[ISN] EU Commission adopts Daft Directive on Digital Signatures

From: mea culpa (jerichoat_private)
Date: Thu May 14 1998 - 21:38:50 PDT

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    Forwarded From: "Jay D. Dyson" <jdysonat_private>
    ]If only the U.S. would follow suit, eh? - Jay]
    - ---------- Forwarded message ----------
    From: "Axel H. Horns" <Horns@t-online.de>
    Yesterday, the board of the EU Commission has passed a draft proposal
    for an EU directive on digital signatures:
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         Electronic commerce: Commission proposes
         electronic signatures Directive 
         A proposal for a Directive establishing a legal framework for the
         use of electronic signatures has been put forward on 13 May 1998
         by the European Commission, on the initiative of
         Telecommunications Commissioner Martin Bangemann and Single
         Market Commissioner Mario Monti. By laying down minimum rules
         concerning security and liability, the proposal would ensure
         electronic signatures were legally recognised throughout the EU
         on the basis of the Single Market principles of free movement of
         services and home country control. The proposal would therefore
         create a framework for secure on-line transactions throughout the
         Single Market and so stimulate investment in electronic commerce
         services with ensuing benefits for the EU in terms of growth,
         competitiveness and employment.
         Electronic commerce has the potential to become a key stimulus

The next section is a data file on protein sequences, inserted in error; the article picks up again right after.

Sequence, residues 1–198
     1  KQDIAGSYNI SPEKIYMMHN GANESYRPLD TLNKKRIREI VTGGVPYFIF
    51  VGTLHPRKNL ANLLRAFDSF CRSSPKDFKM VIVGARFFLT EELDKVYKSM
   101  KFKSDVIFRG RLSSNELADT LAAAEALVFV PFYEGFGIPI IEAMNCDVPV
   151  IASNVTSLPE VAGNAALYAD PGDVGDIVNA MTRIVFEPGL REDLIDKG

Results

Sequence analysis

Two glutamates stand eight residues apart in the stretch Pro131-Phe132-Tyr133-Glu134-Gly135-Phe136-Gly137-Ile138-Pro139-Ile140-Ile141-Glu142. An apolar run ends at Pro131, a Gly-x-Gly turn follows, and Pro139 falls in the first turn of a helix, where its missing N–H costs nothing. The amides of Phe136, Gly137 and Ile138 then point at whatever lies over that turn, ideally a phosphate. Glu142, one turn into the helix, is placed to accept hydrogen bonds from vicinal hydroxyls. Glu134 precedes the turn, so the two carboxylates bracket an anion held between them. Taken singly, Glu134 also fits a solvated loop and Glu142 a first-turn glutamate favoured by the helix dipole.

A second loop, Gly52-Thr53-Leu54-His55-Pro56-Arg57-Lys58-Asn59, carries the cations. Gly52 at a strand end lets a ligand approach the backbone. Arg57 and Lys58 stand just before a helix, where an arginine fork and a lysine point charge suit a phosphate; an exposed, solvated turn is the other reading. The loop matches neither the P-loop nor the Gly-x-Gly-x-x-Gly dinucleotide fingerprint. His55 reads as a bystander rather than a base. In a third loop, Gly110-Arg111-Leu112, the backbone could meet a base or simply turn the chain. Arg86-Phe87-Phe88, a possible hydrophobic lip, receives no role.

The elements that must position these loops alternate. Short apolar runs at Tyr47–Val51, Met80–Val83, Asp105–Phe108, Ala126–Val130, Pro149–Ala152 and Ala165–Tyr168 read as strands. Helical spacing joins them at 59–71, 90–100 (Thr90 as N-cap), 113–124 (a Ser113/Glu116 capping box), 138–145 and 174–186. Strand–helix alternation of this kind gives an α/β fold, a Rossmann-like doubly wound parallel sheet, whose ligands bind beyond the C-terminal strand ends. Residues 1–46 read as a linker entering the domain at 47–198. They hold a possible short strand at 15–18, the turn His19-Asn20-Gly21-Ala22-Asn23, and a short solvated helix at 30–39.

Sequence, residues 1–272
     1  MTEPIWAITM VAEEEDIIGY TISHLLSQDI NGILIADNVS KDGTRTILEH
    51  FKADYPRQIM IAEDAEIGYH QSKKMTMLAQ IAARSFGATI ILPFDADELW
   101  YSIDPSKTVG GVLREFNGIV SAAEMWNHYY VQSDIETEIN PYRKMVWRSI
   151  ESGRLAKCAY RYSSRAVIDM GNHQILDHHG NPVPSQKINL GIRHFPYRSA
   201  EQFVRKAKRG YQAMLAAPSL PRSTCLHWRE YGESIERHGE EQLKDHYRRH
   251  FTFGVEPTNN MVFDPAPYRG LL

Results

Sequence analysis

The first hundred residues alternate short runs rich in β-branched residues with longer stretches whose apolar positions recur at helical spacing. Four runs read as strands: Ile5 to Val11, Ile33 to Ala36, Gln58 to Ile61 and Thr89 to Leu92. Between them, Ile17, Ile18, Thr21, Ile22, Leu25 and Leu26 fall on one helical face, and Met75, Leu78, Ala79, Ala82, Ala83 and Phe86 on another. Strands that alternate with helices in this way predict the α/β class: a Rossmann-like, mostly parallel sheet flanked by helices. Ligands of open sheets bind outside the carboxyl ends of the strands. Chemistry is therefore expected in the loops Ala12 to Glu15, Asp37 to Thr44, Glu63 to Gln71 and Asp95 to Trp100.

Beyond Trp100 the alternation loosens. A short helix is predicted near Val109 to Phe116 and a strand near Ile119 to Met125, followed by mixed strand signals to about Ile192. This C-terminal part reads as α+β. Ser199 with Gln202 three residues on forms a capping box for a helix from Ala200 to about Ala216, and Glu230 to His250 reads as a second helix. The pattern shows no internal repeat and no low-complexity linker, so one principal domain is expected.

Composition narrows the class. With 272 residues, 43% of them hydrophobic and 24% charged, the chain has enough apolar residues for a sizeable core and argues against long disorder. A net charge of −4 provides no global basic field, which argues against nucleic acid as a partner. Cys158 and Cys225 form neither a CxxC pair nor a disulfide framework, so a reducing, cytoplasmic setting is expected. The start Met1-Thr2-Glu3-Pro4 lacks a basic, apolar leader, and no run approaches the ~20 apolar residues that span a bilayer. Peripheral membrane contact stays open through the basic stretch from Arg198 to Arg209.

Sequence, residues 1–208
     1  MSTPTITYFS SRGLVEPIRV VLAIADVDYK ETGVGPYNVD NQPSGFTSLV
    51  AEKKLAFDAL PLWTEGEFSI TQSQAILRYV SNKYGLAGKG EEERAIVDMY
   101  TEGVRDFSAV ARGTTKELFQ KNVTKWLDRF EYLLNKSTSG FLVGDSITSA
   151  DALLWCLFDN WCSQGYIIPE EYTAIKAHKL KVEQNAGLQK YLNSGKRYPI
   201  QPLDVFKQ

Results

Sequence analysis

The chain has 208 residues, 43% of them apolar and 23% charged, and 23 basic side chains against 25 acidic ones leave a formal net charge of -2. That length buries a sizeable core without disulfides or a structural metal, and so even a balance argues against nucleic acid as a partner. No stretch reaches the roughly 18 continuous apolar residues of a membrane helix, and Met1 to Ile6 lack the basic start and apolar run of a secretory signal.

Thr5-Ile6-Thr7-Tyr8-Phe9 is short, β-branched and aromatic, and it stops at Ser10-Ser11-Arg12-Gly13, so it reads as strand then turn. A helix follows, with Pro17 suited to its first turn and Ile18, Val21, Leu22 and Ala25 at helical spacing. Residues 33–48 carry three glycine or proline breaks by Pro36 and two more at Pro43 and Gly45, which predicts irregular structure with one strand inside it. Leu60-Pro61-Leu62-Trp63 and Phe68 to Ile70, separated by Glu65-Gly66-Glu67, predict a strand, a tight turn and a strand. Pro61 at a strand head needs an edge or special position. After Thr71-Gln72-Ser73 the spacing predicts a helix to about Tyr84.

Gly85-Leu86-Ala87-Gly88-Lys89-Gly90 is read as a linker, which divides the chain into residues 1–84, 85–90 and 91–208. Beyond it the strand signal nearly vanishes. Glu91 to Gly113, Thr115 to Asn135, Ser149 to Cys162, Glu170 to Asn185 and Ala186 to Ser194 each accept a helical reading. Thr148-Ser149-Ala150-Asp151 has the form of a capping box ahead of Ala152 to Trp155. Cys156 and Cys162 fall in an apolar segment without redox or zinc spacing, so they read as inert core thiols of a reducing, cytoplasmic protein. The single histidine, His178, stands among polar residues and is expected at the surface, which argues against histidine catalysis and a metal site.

for the world's economy into the next century. But secure
         transactions are essential if this potential is to be realised in
         Europe. Once adopted, this Directive will remove one of the main
         remaining obstacles to the widespread take-up of electronic
         commerce. The proposal is timely because most Member States have
         yet to set up a legislative framework for electronic signatures.
         It will therefore ensure a harmonious legal framework for the
         Single Market from the outset rather than having to counter
         potentially disparate national initiatives.
         Electronic signatures allow someone receiving data received over
         electronic networks to determine the origin of the data
         (identity) and to verify whether the data has been altered or not
         (integrity). The data is accompanied by a certificate, issued by
         a certification service provider, which allows the recipient of a
         message to check the identity of the sender.
         The main elements of the proposed Directive are the following: 
              Essential requirements: the proposal would define essential
              requirements for electronic signature certificates and
              certification services so as to ensure minimum levels of
              security and allow their free movement throughout the Single
              Market. These requirements would include personal
              reliability, use of trustworthy systems and a ban on storing
              private signature keys. Liability: the proposal would
              establish minimum liability rules for service providers, who
              would in particular be liable for the validity of a
              certificate's content. This approach will ensure the free
              movement of certificates and certification services within